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Study Definitively Proves Degradation of Oxo-Biodegradable Plastics in Oceans, Says Symphony Environmental

The successful conclusion of the five-year study confirms that oxo-biodegradable plastic, as distinct from oxo-degradable plastic, properly biodegrades in the open environment and is not toxic, said the company.

UK-based Symphony Environmental announced the “successful conclusion” of the five-year Oxomar study sponsored by the French Agence National de Recherche. “This study provides further comprehensive and reliable scientific data on the performance of d2w in the oceans,” said Symphony Environmental. “The study had a multidisciplinary approach, including physics, chemistry, and biology.”

Symphony said that the report confirms the findings of the scientists in its September 2020 interim report that “oxo-biodegradable plastics biodegrade in seawater and do so with significantly higher efficiency than conventional plastics. The oxidation level obtained due to the d2w prodegradant catalyst was found to be of crucial importance in the degradation process.”

The report confirms studies by Queen Mary University London and France’s Station d’essais de Viellissement Naturel de Bandol, which applied different scientific techniques to prove biodegradation of d2w plastic in the marine environment, leaving no toxic residues, Symphony said. The study has dynamically combined and compared tests performed directly in marine conditions as well as in laboratory settings. Bacterial strains found in marine waters were used and incubated in marine waters under temperature conditions (>18oC) usually found in the ocean, according to Symphony’s announcement.

“The study has proved that plastic biodegradation processes observed in laboratory conditions are transferrable to real-life marine conditions,” said Symphony. “The scientists have specifically confirmed that accelerated weathering does not invalidate the results of the experiments.”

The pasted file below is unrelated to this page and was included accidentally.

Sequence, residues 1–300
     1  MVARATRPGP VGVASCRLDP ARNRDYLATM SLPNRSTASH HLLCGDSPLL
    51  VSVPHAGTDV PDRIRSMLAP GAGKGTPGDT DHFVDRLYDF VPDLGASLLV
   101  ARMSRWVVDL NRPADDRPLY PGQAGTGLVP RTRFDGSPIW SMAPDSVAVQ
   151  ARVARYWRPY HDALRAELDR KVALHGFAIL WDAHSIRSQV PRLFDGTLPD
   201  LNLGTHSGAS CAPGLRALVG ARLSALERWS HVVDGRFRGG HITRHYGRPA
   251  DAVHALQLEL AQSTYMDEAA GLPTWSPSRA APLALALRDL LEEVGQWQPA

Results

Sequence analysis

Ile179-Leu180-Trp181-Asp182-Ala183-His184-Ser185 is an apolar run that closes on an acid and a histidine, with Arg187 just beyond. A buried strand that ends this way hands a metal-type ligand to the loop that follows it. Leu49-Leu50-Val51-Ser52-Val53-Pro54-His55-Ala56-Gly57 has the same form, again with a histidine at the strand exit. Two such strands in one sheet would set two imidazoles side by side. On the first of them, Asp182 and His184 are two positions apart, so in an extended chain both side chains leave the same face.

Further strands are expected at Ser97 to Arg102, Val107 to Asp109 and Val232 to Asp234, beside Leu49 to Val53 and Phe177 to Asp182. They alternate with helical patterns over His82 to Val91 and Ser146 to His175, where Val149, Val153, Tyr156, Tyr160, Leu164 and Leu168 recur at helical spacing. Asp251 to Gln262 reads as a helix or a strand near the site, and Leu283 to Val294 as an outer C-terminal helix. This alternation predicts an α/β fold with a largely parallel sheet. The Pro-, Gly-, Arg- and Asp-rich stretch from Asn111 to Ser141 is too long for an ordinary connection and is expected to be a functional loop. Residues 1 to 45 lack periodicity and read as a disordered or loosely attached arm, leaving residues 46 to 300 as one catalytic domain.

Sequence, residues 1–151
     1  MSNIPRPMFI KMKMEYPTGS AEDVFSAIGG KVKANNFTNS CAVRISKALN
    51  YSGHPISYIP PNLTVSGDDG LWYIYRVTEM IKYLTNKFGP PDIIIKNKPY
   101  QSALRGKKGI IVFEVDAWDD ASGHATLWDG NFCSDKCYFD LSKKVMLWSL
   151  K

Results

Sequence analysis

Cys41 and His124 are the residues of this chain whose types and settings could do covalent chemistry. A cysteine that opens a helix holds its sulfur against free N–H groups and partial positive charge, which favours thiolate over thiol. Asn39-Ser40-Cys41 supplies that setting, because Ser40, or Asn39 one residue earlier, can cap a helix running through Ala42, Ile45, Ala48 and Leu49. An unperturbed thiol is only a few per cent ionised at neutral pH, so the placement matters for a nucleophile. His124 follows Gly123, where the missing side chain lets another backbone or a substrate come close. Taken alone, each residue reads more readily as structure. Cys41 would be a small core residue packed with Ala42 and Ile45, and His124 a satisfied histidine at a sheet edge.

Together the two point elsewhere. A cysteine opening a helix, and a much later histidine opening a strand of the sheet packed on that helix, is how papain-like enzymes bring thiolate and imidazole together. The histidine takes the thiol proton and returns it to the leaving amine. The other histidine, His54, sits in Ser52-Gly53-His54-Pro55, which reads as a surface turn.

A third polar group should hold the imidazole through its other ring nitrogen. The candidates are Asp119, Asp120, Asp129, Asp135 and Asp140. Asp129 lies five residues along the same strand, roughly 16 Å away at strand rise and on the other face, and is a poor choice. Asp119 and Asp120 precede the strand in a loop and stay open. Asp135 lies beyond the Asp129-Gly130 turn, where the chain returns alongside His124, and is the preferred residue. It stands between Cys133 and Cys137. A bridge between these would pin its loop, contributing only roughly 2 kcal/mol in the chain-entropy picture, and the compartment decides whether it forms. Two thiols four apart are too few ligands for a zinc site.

The rate of biodegradation and the ratio between biomass creation and CO2 production were also carefully studied.

Symphony Environmental announced in December 2020 that it was suing the European Union for damages that could amount to tens of millions of euros, relating to its decision to ban oxo-degradable products imposed through Article 5 of the Single-Use Plastics Directive.

According to Symphony, toxicity testing in Oxomar was more thorough than in any previous studies, and a wide variety of marine creatures at differing tropic levels were examined.

Symphony has a diverse and growing customer base and works with 77 distributors around the world. Products made with Symphony’s plastic technologies are now available in nearly 100 countries in many different applications. Symphony is certified to ISO 9001 and ISO 14001.

According to Symphony, its d2w is found in thousands of tons of plastic bags all over the world. This technology was developed to tackle the problem of plastic packaging that escapes collection for recycling and ends up in the open environment as litter, where it will biodegrade much more quickly than ordinary plastic.

According to Michael Laurier, CEO of Symphony Environmental: “No government or customer can now be in any doubt that oxo-biodegradable plastic (as distinct from oxo-degradable plastic) does properly biodegrade in the open environment and is not toxic. This is not, therefore, the type of material that the EU intended to prohibit and I trust that this and other scientific evidence will now dispel the confusion in the marketplace.”

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